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|Histologic image of human epidermis|
|Latin||stratum corneum epidermidis|
|Gray's||subject #234 1064|
The purpose of the stratum corneum is to form a barrier to protect underlying tissue from infection, dehydration, chemicals and mechanical stress. Desquamation, the process of cell shedding from the surface of the stratum corneum, balances proliferating keratinocytes that form in the stratum basale. These cells migrate through the epidermis towards the surface in a journey that takes approximately fourteen days.
During cornification, the process whereby living keratinocytes are transformed into non-living corneocytes, the cell membrane is replaced by a layer of ceramides which become covalently linked to an envelope of structural proteins (the cornified envelope). This complex surrounds cells in the stratum corneum and contributes to the skin's barrier function. Corneodesmosomes (modified desmosomes) facilitate cellular adhesion by linking adjacent cells within this epidermal layer. These complexes are degraded by proteases, eventually permitting cells to be shed at the surface. Desquamation and formation of the cornified envelope are both required for the maintenance of skin homeostasis. A failure to correctly regulate these processes leads to the development of skin disorders.
Cells of the stratum corneum contain a dense network of keratin, a protein that helps keep the skin hydrated by preventing water evaporation. These cells can also absorb water, further aiding in hydration. In addition, this layer is responsible for the “spring back” or stretchy properties of skin. A weak glutenous protein bond pulls the skin back to its natural shape.
The thickness of the stratum corneum varies throughout the body. In the palms of the hands and the soles of the feet this layer is typically thicker, since these regions require additional protection in order to grasp objects and avoid injury. In general, the stratum corneum contains 15 to 20 layers of dead cells. The stratum corneum has a thickness between 10 and 40 μm.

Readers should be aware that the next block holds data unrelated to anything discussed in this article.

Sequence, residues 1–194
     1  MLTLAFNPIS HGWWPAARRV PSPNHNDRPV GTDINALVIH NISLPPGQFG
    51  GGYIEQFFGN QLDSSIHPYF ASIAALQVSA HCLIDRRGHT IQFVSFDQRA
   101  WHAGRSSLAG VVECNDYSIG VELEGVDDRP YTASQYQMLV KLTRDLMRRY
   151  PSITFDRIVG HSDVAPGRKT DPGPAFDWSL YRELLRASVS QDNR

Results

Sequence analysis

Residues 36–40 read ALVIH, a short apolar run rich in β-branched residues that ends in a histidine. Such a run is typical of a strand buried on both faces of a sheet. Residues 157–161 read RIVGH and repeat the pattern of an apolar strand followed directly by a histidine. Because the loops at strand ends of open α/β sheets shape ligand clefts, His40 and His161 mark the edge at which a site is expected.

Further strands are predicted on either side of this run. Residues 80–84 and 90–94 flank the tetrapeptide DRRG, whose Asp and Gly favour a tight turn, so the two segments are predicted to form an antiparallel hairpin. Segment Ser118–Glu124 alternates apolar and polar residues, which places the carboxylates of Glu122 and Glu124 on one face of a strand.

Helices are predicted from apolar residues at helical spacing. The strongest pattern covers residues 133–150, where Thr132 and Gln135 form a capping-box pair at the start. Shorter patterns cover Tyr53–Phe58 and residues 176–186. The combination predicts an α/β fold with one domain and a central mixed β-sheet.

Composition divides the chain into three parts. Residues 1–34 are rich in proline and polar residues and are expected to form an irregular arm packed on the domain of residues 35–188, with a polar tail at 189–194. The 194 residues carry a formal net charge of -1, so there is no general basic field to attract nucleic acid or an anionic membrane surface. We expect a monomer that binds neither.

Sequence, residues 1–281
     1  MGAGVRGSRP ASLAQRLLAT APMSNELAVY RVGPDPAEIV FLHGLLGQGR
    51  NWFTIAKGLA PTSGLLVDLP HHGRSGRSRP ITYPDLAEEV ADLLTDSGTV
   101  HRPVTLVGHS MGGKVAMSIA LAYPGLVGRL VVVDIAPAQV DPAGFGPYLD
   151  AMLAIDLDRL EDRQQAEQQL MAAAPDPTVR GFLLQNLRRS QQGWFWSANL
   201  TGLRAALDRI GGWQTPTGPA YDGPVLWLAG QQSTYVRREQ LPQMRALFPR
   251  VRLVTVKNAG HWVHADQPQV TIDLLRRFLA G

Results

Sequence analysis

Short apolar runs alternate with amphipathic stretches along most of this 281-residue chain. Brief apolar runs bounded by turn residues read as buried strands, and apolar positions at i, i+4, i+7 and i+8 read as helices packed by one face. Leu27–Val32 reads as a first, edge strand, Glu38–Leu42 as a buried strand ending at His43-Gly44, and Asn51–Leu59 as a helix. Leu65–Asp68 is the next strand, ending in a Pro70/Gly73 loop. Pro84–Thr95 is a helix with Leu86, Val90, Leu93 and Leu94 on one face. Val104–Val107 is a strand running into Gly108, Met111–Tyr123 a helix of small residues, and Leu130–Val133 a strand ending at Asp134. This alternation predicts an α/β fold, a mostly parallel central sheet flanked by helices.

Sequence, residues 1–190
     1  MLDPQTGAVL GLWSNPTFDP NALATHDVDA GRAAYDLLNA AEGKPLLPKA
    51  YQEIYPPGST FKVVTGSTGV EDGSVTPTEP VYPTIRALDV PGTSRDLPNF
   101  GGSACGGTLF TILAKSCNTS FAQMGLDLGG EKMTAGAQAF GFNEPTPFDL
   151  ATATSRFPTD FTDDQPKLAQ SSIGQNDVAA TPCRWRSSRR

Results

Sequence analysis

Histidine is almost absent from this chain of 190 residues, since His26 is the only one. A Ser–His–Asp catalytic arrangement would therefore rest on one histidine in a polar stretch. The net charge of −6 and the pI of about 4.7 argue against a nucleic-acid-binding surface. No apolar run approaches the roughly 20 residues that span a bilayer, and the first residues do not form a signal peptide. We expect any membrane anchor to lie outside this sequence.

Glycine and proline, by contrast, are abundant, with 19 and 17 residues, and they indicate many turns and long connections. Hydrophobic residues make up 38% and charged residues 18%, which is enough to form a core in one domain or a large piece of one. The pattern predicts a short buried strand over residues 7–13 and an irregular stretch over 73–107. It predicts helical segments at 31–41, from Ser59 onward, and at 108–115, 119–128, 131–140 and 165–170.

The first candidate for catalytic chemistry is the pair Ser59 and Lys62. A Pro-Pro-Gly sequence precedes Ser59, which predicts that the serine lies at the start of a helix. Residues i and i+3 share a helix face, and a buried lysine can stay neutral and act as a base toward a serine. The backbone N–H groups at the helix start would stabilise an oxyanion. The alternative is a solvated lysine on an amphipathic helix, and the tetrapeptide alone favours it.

In reptiles, the stratum corneum is permanent, and is replaced only during times of rapid growth, in a process called ecdysis or moulting. This is conferred by the presence of beta-keratin, which provides a much more rigid skin layer.
In the human forearm, about 1300 cells per cm2 per hour are shed.
An inability to correctly maintain the skin barrier function due to the dysregulation of epidermal components can lead to skin disorders. For example, a failure to modulate the activity of kallikreins via the disruption of the protease inhibitor LEKTI causes the debilitating disorder Netherton syndrome.
- Ovaere P, Lippens S, Vandenabeele P, Declercq W. (2009). “The emerging roles of serine protease cascades in the epidermis”. Trends in Biochemical Sciences 34 (9): 453–463. doi:10.1016/j.tibs.2009.08.001. PMID 19726197.
- Haftek M, Callejon S, Sandjeu Y, Padois K, Falson F, Pirot F, Portes P, Demarne F, Jannin V. (2011). “Compartmentalization of the human stratum corneum by persistent tight junction-like structures”. Exp Dermatol 20 (8): 617–21. doi:10.1111/j.1600-0625.2011.01315.x. PMID 21672033.
- Descargues P, Deraison C, Bonnart C, Kreft M, Kishibe M, Ishida-Yamamoto A, Elias P, Barrandon Y, Zambruno G, Sonnenberg A, Hovnanian A. (Jan 2005). “Spink5-deficient mice mimic Netherton syndrome through degradation of desmoglein 1 by epidermal protease hyperactivity”. Nat Genet 37 (1): 56–65. doi:10.1038/ng1493. PMID 15619623.
- MedEd at Loyola medicine/dermatology/melton/skinlsn/stcorn.htm
- BU Histology Learning System: 08422loa – “Integument: thick skin”
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This article uses material from the Wikipedia article Stratum Corneum, which is released under the Creative Commons Attribution-Share-Alike License 3.0.